This notebook also has impressive connectivity chops with both USB 3.1 Type-C and Type-A ports (the exact number of ports varies by model). One thing to be aware of is that this laptop is a fairly hefty beast, with the basic 15-inch model weighing 3.4kg and the 17-inch version tipping the scales at 4.17kg.

This heftiness is matched only by the weighty price tag: the base 15-inch model is equipped with a GTX1060 and a relatively basic 8GB of RAM and a 250GB SSD for storage, but sets you back an eye-watering $1,989 (around £1,515, AU$2,695).

Image credit: Purism

Purism embarked on a quest to build the most secure laptop ever, choosing (obviously) Linux distro PureOS to power the device. From that quest came Librem 13, one of the best Linux laptops on offer.

Purism is the only notebook vendor on the market to offer physical kill switches as standard on its laptops. Instead of going mainstream, the company tapped into the crowdfunding community to gain more than $430,000 (around £300,000, AU$550,000) worth of funding, allowing it to adopt a stricter ethos than most firms when it comes to privacy, rights to free software and security.

The Librem 13 might look and feel like a bog-standard laptop. However, there's far more to it than meets the eye (for example, the company designed its own motherboards).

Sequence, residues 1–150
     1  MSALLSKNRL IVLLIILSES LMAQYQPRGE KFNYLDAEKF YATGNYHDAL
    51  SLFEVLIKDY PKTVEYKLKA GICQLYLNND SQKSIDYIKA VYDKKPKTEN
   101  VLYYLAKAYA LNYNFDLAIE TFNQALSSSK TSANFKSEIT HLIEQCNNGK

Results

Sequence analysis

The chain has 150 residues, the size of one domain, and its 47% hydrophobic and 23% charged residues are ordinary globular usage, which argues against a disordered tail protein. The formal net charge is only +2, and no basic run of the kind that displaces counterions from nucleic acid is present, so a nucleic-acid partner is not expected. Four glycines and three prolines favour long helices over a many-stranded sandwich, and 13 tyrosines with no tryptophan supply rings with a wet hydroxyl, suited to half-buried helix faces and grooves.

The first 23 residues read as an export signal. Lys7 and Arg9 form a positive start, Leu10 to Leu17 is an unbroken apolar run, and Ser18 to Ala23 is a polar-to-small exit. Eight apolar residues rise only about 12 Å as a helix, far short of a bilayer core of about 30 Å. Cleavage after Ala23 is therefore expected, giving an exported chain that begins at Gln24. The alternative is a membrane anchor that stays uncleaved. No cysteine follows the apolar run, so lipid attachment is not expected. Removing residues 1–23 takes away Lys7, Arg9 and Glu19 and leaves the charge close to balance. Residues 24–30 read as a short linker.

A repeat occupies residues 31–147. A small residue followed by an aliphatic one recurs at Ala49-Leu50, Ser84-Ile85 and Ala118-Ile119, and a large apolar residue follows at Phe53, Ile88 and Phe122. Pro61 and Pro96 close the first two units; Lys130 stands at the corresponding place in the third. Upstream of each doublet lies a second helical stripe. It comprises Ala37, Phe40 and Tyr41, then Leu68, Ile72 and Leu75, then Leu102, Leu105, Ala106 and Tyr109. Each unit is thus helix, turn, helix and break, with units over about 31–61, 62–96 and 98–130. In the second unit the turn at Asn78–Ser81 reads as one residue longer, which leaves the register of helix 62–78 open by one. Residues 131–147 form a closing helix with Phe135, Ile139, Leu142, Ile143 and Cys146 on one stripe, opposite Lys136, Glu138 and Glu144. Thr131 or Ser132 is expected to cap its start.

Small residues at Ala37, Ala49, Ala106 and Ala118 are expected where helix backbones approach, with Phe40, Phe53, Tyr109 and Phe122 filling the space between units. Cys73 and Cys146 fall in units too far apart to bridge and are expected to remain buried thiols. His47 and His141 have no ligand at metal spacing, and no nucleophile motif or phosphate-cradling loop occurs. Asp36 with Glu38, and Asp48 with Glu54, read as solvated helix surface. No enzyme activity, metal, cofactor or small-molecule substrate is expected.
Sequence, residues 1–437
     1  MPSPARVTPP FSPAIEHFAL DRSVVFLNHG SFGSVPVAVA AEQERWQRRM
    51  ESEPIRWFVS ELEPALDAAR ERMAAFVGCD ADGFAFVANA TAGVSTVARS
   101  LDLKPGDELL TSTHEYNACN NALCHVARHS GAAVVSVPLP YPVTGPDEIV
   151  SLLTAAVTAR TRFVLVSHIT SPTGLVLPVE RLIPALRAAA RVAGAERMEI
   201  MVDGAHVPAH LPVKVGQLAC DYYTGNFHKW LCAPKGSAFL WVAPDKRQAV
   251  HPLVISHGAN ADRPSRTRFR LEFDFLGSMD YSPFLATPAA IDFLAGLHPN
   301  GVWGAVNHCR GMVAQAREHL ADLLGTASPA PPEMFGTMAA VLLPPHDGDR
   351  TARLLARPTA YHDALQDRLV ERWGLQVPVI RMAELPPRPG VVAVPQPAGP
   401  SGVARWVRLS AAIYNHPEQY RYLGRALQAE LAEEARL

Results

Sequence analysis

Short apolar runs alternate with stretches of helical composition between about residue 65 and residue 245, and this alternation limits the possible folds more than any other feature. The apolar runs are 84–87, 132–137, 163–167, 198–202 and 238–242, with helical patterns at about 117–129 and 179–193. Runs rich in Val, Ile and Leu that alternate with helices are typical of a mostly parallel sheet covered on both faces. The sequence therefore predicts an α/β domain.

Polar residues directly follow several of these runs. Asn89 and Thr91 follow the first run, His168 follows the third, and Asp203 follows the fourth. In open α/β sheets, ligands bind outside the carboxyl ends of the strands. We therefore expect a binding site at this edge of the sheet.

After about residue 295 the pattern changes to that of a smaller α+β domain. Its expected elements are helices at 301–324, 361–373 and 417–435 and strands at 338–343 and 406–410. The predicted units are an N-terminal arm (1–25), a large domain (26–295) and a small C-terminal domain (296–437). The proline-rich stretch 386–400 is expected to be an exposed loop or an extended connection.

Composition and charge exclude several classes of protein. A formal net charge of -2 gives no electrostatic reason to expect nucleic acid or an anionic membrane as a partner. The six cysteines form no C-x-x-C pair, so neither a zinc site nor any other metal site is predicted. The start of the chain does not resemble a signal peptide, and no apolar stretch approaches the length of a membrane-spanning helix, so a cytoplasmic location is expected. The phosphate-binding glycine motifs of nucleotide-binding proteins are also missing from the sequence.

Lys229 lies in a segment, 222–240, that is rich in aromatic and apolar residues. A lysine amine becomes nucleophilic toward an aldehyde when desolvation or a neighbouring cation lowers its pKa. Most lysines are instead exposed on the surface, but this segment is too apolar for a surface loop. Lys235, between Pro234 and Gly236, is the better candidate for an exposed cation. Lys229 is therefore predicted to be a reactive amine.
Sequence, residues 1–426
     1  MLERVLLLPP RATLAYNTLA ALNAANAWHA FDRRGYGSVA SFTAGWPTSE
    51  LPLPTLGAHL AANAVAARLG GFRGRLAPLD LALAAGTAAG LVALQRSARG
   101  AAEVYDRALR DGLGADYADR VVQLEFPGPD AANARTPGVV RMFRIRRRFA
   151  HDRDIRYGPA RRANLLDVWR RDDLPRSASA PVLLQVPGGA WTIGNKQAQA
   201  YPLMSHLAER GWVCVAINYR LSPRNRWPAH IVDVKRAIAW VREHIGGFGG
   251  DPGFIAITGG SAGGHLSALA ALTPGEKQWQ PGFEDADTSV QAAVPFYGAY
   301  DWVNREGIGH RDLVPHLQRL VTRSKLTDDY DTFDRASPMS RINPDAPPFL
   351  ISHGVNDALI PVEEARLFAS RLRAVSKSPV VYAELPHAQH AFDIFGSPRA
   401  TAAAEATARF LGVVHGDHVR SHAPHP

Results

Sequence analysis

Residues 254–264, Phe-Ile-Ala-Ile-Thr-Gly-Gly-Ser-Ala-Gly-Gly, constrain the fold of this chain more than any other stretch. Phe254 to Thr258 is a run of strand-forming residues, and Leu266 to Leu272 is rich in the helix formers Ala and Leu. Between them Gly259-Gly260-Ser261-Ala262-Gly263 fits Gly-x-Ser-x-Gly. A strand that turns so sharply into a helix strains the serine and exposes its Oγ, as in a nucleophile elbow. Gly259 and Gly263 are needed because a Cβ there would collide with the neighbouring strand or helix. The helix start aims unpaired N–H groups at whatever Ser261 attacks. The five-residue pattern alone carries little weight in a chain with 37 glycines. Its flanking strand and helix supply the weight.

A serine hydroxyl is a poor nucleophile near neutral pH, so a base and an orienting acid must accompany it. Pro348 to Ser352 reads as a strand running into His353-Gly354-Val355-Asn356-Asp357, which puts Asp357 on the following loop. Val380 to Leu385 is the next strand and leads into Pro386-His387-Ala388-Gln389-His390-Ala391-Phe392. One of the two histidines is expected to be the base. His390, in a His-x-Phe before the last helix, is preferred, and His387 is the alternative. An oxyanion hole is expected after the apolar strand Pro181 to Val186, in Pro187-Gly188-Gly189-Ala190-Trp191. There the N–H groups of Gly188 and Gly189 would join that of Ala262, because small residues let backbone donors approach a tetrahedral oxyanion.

In addition, Purism’s commitment to Linux (and security in general) certainly goes beyond most of the vendors on this list.

Image credit: System76

One of the best Linux laptops to date, the Oryx Pro is definitely built for the operating system. Indeed, it currently offers a choice of either Ubuntu 16.04 or System76’s own Ubuntu-based Pop!_OS 17.10 on purchase.

The chassis is made from lightweight aluminium with a matte black finish and graphics are provided by GeForce GTX 10 series GPUs. The Oryx packs an Intel Core i7 quad-core processor (with Turbo to 3.8GHz) into its thin frame, and offers a choice of display sizes (15.6 or 17.3-inch).

By default, you get 8GB of RAM and a 250GB SSD, but the online store encourages you to customise the Oryx to suit your needs. You can pay extra to upgrade to 64GB of system memory with a 2TB SSD, if you wish and as long as you’ve got the cash – the top-end configurations get very expensive here.

You can also choose between Nvidia’s GTX 1060 and GTX 1070 when it comes to the GPU. Plus, it’s also possible to add extra drives, purchase a laptop bag designed to carry and protect your machine, or extend the warranty to three years.

Image credit: System76

On paper, the Galago Pro from System76 is an absolute beast. And yet it weighs less than most laptops with a 13-inch screen. This is notebook rivals the Dell XPS 13 Developer Edition, touting an aluminium chassis and up to 32GB of RAM.

The Galago Pro has two hard drive bays. The 'OS Drive' in the first bay is a 120GB SSD by default, but can be configured at up to 2TB when you order. You can also choose to install a second SSD in the other bay of up to 4TB capacity.

If that isn’t enough, it has a 13.3-inch display with a resolution of 3,200 x 1,800, an Ethernet port, an SD card reader, two USB ports and a Thunderbolt 3/USB Type-C/mini-DisplayPort connector. In a nutshell, you will be hard pressed to get anything in Windows-land that can deliver this sort of compute power and storage capacity.

Read the full review: System76 Galago Pro